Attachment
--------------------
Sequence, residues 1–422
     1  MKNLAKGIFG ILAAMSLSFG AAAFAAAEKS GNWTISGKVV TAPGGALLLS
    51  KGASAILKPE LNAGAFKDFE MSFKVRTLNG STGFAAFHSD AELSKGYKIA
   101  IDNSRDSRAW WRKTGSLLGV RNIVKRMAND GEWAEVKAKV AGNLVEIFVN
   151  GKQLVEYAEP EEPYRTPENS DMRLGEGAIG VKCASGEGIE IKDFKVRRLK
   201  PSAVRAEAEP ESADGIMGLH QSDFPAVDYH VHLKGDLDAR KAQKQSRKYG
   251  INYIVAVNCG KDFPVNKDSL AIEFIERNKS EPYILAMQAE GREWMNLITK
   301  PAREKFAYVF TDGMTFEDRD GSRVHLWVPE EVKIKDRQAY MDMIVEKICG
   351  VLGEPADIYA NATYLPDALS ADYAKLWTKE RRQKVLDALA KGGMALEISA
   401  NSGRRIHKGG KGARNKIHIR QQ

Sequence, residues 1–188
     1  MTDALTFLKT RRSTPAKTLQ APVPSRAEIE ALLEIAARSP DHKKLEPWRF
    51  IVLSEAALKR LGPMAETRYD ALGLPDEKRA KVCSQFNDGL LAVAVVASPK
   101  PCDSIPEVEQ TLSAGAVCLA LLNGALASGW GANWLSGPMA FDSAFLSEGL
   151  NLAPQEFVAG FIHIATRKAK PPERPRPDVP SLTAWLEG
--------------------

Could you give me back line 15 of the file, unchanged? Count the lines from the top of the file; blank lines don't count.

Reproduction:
   151  NLAPQEFVAG FIHIATRKAK PPERPRPDVP SLTAWLEG